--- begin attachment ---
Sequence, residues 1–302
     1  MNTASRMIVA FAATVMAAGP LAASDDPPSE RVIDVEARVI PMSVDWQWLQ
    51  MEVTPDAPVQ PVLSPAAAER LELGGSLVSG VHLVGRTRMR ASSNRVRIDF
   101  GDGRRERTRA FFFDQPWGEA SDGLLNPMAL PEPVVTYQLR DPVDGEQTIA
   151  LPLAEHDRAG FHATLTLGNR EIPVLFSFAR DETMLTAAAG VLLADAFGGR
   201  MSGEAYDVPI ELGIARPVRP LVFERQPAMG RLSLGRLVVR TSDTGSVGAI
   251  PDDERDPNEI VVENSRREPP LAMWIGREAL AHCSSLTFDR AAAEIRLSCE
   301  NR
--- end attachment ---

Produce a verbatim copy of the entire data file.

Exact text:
Sequence, residues 1–302
     1  MNTASRMIVA FAATVMAAGP LAASDDPPSE RVIDVEARVI PMSVDWQWLQ
    51  MEVTPDAPVQ PVLSPAAAER LELGGSLVSG VHLVGRTRMR ASSNRVRIDF
   101  GDGRRERTRA FFFDQPWGEA SDGLLNPMAL PEPVVTYQLR DPVDGEQTIA
   151  LPLAEHDRAG FHATLTLGNR EIPVLFSFAR DETMLTAAAG VLLADAFGGR
   201  MSGEAYDVPI ELGIARPVRP LVFERQPAMG RLSLGRLVVR TSDTGSVGAI
   251  PDDERDPNEI VVENSRREPP LAMWIGREAL AHCSSLTFDR AAAEIRLSCE
   301  NR